What is Mindfulness and what does the research show? How can this make a difference to the mental health of the pupils in your schools and community of clinics who are struggling with their mental health?
Mindfulness has amazing health and wellbeing benefits
Professor Mark Williams, former director of the Oxford Mindfulness Centre, says that mindfulness means knowing directly what is going on inside and outside ourselves, moment by moment.
“It’s easy to stop noticing the world around us, it’s also easy to lose touch with the way our bodies are feeling and to end up living ‘in our heads’ – caught up in our thoughts without stopping to notice how those thoughts are driving our emotions and behaviour,” he says.
An important part of mindfulness is reconnecting with our bodies and the sensations they experience, this means waking up to the sights, sounds, smells and tastes of the present moment, which might be something as simple as the feel of a banister as we walk upstairs.
“Another important part of mindfulness is an awareness of our thoughts and feelings as they happen moment to moment, it’s about allowing ourselves to see the present moment clearly. When we do that, it can positively change the way we see ourselves and our lives.”
We know from the work we did in Slough secondary schools that young people who were struggling with low mood ,anxiety and self harm improved over the course of the Mindfulness projects . In a later assessment many of the young people who took part continued to experience the benefits of learning Mindfulness .
Since MiSP was formed in 2007, a number of studies have been conducted on the effects of its programmes on pupils and teachers. Most of these studies are small and do not have long term follow-ups, but they indicate that the programmes are acceptable and that they have potential to improve psychological wellbeing and attention.
Studies have measured changes using self-reported scores on questionnaires, computer-based attention tests, and neurological tests, and have compared the results to “control groups” who complete the tests at the same times but do not taken part in the courses. Some indicate that regular practice may be related to benefits, although this relies on self-report.
The current MYRIAD study will answer many questions about the effects on .b on adolescents’ psychological, neurological, behavioural and academic outcomes. A number of studies have already been published and are listed below, and there are many smaller and larger studies happening at the moment. This includes PhD’s on the effects of .b on adolescents at Coventry and Leeds Universities in the UK and Finders University in Australia, and Educational Psychology Doctorates at Queen’s University Belfast, Cardiff University, and Bristol University.
There are psychology education, and mindfulness undergraduate and masters research studies ongoing in the UK and internationally, and a number of HeadStart (a Lottery fund), Education Authority, and Public Health funded projects in the UK and continental Europe.
We are interested in high quality research into our programmes, and if you would like to approach us about this, please contact firstname.lastname@example.org.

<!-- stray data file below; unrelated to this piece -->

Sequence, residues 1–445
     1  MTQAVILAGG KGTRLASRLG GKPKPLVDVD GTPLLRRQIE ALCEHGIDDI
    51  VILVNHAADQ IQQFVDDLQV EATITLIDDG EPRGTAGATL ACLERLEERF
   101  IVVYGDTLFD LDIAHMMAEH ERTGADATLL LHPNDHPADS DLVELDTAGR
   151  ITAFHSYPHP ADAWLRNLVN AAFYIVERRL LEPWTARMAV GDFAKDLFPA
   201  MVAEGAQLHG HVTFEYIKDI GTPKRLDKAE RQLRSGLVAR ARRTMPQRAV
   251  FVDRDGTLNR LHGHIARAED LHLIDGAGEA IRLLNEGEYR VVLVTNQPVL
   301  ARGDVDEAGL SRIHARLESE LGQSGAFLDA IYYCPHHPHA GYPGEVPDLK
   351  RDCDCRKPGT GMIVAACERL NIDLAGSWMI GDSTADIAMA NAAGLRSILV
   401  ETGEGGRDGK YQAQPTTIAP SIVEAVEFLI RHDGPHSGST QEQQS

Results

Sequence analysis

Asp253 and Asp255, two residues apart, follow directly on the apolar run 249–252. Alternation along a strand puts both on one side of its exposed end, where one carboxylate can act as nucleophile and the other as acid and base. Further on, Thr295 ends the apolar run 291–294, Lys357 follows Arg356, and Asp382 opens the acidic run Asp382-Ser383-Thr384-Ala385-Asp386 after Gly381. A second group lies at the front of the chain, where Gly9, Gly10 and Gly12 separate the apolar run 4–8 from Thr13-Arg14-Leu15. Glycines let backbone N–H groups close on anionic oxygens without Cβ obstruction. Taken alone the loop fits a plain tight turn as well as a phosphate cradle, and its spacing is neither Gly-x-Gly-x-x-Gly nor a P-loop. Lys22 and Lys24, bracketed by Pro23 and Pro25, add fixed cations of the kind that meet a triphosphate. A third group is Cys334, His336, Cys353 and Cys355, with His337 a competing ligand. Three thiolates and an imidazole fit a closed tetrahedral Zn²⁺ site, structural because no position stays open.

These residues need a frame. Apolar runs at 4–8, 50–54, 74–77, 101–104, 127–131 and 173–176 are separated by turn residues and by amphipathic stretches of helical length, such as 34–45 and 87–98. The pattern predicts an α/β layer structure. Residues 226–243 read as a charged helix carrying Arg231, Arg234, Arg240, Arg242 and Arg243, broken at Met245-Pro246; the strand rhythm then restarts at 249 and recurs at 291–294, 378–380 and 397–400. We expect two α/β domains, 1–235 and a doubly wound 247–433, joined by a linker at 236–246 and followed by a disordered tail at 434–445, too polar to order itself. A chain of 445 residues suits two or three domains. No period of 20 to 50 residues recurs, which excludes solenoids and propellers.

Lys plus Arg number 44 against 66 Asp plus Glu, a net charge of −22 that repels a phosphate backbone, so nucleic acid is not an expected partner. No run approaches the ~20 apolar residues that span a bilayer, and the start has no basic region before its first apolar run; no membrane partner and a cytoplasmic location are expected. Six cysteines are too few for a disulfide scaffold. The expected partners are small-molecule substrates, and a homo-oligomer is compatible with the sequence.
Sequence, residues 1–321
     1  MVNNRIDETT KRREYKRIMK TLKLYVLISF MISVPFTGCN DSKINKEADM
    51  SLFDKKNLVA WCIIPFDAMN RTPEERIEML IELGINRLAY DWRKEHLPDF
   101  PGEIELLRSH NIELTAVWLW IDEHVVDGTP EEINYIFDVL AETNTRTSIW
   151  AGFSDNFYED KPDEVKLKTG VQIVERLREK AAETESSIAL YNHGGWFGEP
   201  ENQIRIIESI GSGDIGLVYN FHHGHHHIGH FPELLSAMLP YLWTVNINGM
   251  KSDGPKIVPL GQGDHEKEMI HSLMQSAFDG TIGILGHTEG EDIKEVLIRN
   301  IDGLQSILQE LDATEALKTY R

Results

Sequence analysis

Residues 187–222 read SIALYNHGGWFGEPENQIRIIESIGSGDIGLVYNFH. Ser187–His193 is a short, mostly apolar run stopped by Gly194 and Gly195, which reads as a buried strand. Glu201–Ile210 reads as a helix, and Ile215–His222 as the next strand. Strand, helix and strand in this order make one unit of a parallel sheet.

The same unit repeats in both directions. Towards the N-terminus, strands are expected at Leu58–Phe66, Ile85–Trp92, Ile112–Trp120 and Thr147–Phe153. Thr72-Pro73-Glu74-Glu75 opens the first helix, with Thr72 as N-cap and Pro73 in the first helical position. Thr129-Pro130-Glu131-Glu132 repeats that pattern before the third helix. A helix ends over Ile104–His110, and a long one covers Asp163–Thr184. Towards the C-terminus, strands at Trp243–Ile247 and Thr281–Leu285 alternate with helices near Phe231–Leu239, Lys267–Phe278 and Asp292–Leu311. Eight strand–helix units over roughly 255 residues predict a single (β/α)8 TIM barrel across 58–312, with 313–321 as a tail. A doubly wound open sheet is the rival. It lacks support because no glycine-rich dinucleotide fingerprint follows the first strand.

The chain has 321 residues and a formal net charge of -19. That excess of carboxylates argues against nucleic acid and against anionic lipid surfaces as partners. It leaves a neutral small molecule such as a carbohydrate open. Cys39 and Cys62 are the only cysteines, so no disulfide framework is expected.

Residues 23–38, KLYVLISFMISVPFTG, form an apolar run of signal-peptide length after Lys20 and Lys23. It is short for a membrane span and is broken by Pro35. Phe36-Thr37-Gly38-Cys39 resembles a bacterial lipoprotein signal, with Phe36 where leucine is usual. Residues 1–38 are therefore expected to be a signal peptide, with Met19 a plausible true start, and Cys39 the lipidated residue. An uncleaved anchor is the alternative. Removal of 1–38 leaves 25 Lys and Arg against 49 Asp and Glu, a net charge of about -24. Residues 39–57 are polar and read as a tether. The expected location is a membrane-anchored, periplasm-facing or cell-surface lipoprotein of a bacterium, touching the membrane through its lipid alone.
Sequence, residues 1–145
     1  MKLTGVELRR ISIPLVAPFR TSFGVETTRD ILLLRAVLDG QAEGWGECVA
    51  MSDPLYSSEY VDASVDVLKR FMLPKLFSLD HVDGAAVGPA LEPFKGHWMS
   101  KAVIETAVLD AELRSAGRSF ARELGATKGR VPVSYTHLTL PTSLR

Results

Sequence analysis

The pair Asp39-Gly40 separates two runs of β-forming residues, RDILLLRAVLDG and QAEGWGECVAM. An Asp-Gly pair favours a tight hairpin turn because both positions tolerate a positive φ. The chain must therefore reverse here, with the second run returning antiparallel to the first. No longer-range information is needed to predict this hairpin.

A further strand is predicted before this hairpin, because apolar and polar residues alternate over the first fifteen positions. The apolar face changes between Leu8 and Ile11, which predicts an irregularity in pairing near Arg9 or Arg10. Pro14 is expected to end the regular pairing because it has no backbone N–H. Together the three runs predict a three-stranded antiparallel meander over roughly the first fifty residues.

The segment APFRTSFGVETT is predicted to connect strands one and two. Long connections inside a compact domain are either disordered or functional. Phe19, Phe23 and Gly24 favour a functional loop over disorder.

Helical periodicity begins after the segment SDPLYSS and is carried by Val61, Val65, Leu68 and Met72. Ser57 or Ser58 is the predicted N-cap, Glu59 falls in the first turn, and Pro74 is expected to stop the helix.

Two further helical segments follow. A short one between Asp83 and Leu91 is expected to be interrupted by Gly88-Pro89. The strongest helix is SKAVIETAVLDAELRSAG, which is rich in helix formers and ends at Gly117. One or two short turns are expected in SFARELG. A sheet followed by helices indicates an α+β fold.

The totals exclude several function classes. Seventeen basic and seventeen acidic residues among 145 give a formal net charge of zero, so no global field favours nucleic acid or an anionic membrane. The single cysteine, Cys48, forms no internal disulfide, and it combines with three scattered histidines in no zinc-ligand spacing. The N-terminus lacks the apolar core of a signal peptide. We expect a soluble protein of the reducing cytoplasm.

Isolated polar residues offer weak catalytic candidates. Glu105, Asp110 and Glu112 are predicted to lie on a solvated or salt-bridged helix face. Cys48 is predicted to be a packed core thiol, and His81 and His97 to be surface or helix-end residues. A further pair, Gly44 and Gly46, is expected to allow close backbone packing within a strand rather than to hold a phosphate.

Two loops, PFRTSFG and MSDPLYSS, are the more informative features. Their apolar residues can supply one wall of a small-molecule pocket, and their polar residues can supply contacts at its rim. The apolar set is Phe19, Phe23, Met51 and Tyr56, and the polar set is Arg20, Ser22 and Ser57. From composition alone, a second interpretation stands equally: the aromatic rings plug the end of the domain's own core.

Published Papers on Mindfulness in Schools Project Programmes:
Willem Kuyken et al (2013) reported that adolescents who completed .b had significantly lower depressive symptoms and stress, and greater wellbeing. You can read the British Journal of Psychiatry paper here
Other studies include Felicia Huppert and Daniel Johnson’s 2008 pilot study, which was published in Positive Psychology. It indicated that the earliest four lesson version of .b was acceptable to adolescents, and that practice time was related to benefits. You can read the paper here:
MiSP co-founder Richard Burnett’s paper on how mindfulness might fit into schools was published in The Buddhist Studies Review in 2011. You can read it here
MiSP Research Advisor Sarah Hennelly’s masters project on .b indicated that an eight lesson version was associated with improvements in mindfulness, resilience, and wellbeing, and that these benefits were sustained six months later. Interviews with pupils suggested that some felt more confident and academically competent. You can read the study here
Two Educational Psychology Doctoral projects have been completed, they indicated improvements in performance, attention, mood, and relationships.
The most recent paper, by Kevanne Sanger and Dusana Dorjee at Bangor University, reported that 17 to 18 year old pupils experienced less mind wandering and hypercritical self-beliefs, and were more able to control their attention (measured using event related potentials, ERP) when they took part in a computerised distraction test. This study is part of Kevanne’s PhD, you can read the Trends in Neuroscience and Education paper here
Shadi Beshai, Lindi McAlpine, Katherine Weare and Willem Kuyken have just published their findings on the effects of .b Foundations on school teachers. This study reported reduced stress and self-judgement, and improved wellbeing, mindfulness, and self-kindness. This study was part of Lindi’s Master’s in MBCT at Exeter University.
Mindfulness not only has the evidence to back it up as a tool to help improve mental health and wellbeing but is also a cost effective way of creating interventions that help young people.
Want to know how you can improve the mental health and wellbeing of your students utilising a range of tried and tested approaches (whole school and individual) then please email me so we can arrange a free 20 min consultation to see how we might work together .